At one point, he even put his hands up in the air and spit in the direction of his opponent. Little did Bonilla know it was a booby trap. As soon as Bonilla attempted an offensive move, O’Neal maintained leverage and successfully executed the first double leg slam of the night. He then locked Bonilla in a rear naked choke that would’ve ended the bout had he not ran out of time. Regardless, O’Neal finished the bout in style as he forced Bonilla to tap out by a Guillotine Choke 83 seconds into Round 2 for his first MMA victory.
“I just want them to respect me,” O’Neal said. “I had a couple tough fights before but this was an easy win. As soon as I stepped in, I knew he didn’t want to be there.”
The last local fighter, Robert Becerra, outclassed Goreal Hudson who had both a size and reach advantage. He managed to get on top of Hudson and started unleashing blows before the judge determined Hudson couldn’t defend himself. Becerra TKO’d Hudson 1 minute and 49 seconds into the 1st round.
But as entertaining as the local fights were, the best bout of the evening belonged to John Hackleman Jr. and Jonathan Greene. It also happened to be the shortest and only lasted a whole 36 seconds.
Both fighters came out swinging in a furious sequence of powerful punches before Hackleman landed a devastating punch on Greene – knocking him out cold. It was the only knockout of the night, but it probably should’ve counted as two considering how forceful it was. I was sitting in one of the back rows and not only did I hear it, I felt it. It was one of those punches that leave had the crowd saying “ohhh” in unison and then leaving them completely silent and shocked after. It’d be fair to mention that Hackleman’s father was the former trainer for MMA legend Chuck Liddell.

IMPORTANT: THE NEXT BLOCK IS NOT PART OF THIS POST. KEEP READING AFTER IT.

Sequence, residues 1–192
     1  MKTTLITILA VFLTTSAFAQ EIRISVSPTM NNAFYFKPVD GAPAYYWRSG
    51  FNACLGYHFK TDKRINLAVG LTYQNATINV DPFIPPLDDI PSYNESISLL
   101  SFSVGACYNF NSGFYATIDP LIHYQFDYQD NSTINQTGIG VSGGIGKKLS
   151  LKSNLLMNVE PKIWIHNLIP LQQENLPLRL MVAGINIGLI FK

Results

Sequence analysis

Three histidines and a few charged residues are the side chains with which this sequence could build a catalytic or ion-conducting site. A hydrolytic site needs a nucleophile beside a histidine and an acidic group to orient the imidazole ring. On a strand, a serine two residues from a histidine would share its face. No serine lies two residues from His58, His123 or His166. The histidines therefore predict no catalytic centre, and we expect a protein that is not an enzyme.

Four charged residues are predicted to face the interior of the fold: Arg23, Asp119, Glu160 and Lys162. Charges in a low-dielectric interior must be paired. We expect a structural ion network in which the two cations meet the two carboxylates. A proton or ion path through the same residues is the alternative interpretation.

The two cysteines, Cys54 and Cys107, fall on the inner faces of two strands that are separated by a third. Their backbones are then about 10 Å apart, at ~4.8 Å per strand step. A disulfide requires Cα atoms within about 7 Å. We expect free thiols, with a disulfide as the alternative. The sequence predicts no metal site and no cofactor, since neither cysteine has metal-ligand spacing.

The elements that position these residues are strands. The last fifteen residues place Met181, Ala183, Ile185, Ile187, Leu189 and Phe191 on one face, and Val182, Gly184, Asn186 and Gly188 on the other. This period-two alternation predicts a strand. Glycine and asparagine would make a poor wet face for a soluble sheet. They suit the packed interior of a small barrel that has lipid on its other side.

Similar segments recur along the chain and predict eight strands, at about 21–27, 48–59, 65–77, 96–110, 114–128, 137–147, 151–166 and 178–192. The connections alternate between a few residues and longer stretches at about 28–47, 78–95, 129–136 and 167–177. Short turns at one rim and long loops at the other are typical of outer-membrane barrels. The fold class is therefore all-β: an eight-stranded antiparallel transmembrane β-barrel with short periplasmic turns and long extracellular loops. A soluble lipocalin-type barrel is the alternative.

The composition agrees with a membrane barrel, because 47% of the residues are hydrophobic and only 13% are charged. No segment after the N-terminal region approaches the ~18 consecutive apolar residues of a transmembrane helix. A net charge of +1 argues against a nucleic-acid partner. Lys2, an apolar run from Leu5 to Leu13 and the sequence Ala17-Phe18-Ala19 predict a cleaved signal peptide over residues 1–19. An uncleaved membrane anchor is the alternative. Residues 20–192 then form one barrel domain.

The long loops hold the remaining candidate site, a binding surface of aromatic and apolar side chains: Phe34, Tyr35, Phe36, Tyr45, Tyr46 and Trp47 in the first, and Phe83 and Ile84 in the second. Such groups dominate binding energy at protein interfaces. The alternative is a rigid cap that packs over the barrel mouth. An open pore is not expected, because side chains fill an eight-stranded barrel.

Although Hackleman isn’t originally from the Santa Barbara area, it was clear he was familiar with the surroundings and completely dedicated to improving.
“This is my third fight in Santa Barbara and I haven’t lost here,” said Hackleman Jr. “I’m not even going out tonight and I already forgot about that fight. I’m going to go home and have a cheeseburger – that’s how I’m going to celebrate.”
The unmistakable Makani Sarellano was also one of the star performers of the evening. Apparently, the CFS had to find a last-minute replacement because fighters kept backing out of the match. It’s easy to see why. Sarellano is a giant of a man – the kind you either see in movies or on the offensive line of your favorite football team.